2015 workforce: 140,000 people (80 different nationalities)
Own construction equipment fleet: $1.2bn
For middle management, CCC and other construction companies are struggling to get visas for work in the Gulf for engineers and staff holding passports from many Arab countries.
With the wars in Syria and Yemen, we are having a very difficult time bringing in people from places such as Lebanon, Jordan, and Palestine, says Khoury. A company like CCC that has turned to these countries for years, we will now have to turn to new nationalities, such as Turkish and Indian workers.
The restrictions stem from heightened security concerns across the region due to wars in Syria and Yemen.
I can understand the governments point of view that security is very important, says Khoury. But my counter argument is that these people have been working for us for years and they have been earning in your countries for years and have behaved. So why assume that if there is a war in their country or neighbouring countries they are going to behave any differently.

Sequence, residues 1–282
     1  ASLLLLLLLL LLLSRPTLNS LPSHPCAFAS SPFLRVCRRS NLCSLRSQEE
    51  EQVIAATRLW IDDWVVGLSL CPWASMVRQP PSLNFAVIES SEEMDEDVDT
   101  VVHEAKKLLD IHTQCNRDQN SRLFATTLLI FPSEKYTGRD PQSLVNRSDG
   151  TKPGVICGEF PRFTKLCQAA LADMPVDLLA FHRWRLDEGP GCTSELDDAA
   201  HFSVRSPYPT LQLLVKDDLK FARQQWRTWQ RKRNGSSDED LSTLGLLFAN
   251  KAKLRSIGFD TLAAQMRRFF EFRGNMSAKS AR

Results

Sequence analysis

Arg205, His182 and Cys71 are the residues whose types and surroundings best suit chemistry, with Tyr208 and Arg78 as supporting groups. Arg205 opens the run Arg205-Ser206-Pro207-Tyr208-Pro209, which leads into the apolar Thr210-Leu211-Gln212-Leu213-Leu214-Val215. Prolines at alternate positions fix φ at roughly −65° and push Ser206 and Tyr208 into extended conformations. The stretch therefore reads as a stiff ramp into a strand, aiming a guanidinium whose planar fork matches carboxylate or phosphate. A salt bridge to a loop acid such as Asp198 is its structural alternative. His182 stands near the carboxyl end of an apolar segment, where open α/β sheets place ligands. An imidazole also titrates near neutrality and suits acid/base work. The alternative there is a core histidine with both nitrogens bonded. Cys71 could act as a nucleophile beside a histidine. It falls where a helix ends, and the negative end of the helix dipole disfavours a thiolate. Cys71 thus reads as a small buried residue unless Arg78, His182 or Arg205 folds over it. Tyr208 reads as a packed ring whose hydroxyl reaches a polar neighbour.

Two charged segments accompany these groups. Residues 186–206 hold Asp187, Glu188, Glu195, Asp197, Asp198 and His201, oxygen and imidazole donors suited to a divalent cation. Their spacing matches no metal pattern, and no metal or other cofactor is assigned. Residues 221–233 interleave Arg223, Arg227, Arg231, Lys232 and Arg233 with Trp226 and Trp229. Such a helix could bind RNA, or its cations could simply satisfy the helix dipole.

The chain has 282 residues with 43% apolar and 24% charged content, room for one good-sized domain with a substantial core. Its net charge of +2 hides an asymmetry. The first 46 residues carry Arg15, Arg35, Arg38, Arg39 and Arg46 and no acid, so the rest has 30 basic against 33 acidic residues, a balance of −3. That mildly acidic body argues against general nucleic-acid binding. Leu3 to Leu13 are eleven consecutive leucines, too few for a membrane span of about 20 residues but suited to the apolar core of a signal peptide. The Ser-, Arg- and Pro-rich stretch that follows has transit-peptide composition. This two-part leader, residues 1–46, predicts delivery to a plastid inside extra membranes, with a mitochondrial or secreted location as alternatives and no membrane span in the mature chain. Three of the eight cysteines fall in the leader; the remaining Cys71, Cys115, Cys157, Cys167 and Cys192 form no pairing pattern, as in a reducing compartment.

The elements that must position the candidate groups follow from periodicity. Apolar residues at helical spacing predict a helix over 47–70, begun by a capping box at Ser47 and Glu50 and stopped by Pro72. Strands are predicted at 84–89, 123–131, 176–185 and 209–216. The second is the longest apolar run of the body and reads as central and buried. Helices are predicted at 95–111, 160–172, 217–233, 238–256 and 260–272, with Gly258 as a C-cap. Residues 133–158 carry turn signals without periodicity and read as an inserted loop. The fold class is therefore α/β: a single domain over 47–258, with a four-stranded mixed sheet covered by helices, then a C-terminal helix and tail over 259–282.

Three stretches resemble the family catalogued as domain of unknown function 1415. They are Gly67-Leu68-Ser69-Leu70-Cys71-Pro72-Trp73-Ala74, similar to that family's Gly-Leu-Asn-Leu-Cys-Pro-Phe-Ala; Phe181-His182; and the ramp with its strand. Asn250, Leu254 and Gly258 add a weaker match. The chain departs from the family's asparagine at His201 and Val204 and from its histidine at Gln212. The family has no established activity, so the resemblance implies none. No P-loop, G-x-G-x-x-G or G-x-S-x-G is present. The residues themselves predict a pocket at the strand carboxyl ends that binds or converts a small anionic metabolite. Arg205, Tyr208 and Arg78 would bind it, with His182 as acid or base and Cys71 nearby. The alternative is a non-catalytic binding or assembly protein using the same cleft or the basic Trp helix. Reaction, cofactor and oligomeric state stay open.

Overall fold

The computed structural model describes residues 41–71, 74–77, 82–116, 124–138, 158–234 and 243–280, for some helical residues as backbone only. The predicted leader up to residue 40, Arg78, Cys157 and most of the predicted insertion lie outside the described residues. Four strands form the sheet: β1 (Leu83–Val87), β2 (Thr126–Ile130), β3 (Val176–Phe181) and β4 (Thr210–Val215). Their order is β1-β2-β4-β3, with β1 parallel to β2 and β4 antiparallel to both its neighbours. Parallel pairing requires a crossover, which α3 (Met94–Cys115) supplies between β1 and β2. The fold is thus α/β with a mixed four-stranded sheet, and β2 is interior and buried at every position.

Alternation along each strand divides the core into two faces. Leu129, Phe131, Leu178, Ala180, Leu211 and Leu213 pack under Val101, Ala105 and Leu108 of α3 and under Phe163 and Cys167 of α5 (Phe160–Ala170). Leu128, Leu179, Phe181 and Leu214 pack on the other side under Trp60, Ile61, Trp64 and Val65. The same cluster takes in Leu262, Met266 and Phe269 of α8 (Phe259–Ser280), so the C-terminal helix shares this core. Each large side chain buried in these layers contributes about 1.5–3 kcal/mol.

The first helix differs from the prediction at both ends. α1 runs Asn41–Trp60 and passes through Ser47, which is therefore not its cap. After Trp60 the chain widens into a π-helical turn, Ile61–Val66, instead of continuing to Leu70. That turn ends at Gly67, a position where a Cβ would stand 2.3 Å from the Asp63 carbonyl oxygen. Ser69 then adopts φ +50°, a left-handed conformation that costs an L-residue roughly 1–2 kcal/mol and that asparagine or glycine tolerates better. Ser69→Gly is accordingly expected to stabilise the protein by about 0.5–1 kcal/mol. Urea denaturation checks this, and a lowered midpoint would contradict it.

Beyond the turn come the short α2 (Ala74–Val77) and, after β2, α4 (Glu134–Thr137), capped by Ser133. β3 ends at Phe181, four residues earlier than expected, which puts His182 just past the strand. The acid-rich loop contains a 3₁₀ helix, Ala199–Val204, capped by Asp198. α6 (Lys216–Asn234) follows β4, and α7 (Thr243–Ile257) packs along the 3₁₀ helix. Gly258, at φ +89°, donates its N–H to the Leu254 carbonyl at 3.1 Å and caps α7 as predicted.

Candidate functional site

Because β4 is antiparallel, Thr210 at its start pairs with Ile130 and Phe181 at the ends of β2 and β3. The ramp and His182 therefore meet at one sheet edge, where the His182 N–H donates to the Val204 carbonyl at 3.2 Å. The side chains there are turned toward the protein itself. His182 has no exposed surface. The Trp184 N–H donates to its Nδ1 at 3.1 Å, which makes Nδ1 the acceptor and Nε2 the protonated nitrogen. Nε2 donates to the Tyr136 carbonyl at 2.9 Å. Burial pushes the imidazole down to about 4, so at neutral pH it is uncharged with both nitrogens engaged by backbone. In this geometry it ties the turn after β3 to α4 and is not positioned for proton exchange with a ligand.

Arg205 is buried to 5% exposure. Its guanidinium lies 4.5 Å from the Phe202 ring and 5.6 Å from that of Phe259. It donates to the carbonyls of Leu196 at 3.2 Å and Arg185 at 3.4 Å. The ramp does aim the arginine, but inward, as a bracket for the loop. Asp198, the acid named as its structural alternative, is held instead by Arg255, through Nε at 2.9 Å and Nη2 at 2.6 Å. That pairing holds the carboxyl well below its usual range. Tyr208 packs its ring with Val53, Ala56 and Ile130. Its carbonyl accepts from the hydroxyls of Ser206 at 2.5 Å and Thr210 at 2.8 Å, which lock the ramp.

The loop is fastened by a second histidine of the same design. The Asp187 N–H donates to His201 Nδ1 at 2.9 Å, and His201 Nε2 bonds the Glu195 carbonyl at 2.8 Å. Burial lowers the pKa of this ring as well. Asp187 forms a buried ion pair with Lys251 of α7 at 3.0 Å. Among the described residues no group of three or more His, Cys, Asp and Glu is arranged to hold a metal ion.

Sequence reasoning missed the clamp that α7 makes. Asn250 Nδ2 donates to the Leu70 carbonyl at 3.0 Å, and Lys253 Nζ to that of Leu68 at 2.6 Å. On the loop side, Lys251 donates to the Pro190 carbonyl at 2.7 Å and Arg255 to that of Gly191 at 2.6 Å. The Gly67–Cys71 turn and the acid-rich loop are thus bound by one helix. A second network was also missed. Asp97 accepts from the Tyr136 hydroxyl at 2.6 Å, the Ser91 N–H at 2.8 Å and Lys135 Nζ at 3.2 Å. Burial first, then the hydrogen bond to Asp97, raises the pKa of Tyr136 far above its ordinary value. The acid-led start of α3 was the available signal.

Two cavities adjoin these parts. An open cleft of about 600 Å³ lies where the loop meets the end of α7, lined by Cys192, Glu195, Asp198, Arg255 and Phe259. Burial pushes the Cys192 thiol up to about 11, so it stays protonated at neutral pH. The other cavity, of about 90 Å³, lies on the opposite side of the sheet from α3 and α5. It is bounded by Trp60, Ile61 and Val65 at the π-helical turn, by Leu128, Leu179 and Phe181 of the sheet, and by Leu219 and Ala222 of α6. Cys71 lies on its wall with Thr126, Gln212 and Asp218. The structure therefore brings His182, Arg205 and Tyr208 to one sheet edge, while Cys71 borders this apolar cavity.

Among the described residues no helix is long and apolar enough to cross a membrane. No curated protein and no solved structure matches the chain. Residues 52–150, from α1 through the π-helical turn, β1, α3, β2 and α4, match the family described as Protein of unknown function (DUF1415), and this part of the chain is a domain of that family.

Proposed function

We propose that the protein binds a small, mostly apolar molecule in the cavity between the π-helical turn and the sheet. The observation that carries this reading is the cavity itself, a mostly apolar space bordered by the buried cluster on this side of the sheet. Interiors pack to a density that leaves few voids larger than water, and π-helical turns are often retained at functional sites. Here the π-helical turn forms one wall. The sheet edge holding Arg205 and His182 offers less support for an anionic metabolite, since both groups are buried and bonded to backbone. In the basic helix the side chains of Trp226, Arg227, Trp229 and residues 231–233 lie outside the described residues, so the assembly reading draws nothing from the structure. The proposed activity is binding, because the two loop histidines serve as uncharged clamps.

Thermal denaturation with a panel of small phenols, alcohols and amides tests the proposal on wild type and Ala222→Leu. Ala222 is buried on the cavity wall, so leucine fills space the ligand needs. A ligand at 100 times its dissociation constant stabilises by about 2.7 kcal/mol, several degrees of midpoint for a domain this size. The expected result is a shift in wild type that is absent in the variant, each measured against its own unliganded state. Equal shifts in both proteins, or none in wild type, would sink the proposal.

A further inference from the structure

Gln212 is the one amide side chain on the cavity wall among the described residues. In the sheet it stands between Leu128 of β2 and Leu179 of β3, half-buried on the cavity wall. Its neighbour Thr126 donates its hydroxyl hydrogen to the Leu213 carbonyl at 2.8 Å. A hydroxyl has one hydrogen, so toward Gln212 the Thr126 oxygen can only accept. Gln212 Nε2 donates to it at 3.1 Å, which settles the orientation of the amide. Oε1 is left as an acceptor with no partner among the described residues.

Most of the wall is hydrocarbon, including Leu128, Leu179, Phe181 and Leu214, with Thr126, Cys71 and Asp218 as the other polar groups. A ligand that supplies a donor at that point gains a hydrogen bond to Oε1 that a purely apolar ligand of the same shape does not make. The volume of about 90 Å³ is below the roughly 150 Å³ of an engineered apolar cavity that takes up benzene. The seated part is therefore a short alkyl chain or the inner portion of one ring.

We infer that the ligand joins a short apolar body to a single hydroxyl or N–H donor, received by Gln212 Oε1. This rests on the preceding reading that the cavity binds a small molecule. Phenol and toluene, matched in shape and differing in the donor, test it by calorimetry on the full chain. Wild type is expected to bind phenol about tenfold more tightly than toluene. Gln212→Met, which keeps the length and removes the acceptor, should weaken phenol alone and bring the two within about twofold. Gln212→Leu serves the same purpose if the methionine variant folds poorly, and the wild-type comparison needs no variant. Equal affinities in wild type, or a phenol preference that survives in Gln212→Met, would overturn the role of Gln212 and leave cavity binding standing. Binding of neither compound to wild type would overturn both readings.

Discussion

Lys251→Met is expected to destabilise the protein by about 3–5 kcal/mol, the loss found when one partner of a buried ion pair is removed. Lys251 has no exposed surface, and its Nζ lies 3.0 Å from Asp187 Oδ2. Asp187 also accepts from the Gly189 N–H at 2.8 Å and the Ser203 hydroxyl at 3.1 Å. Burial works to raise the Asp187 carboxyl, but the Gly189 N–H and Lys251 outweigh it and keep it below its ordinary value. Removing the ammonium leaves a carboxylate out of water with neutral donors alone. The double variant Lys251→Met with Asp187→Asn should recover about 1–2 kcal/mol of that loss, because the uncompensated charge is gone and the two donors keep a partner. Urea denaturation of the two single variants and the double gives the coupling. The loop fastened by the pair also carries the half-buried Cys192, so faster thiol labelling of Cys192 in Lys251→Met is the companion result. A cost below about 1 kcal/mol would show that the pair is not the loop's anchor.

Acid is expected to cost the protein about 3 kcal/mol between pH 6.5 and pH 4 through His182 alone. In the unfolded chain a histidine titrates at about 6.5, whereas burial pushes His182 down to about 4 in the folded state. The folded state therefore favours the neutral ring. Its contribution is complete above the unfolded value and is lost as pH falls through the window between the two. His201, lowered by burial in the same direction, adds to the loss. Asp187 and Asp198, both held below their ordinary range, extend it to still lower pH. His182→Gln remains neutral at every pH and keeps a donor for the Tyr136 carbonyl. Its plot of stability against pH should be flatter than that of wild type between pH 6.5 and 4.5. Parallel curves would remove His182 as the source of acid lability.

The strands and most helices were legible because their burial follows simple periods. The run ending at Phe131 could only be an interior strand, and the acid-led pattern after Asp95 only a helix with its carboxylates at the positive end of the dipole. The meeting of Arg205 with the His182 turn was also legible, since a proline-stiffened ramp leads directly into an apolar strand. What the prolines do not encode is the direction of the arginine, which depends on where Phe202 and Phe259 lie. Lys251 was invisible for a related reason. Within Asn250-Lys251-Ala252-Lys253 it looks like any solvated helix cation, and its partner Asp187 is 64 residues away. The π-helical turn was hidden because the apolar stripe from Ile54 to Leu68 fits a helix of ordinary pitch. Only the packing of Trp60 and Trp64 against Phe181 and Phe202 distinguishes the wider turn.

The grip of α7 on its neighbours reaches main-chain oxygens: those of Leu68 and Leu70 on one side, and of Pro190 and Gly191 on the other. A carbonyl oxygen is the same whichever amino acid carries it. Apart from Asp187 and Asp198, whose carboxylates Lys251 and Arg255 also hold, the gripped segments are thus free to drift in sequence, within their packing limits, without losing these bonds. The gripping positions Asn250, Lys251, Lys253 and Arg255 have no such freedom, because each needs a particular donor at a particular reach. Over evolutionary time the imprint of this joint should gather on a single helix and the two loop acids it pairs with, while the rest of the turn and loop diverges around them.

As the market tightens, CCC has four key areas to focus on for the future. Firstly, it is looking to work more closely with its clients by forming alliances that will drive efficiency to the benefit of both parties. So far, the company has been in talks or has signed early agreements with developers that are planning to build hospitals and shopping malls, both of which are market niches where CCC has considerable experience.
We are trying to move into alliances with certain clients; I think this will be a trend, says Khoury. It will shorten time [and provide] benefits from lessons learned on previous projects, and at the end of the day, [the client] sees my books, sees the profit and takes half of it.
Another way of working with clients more closely is for contractors to provide equity for projects. CCC has started to explore this option across a variety of sectors.
We are following solar power plants on an IPP [independent power project] basis, and water [schemes] like we did at Al-Samrah [in Jordan] where we are building phase 2 with [Frances] Degremont and we are now talking about phase 3, says Khoury.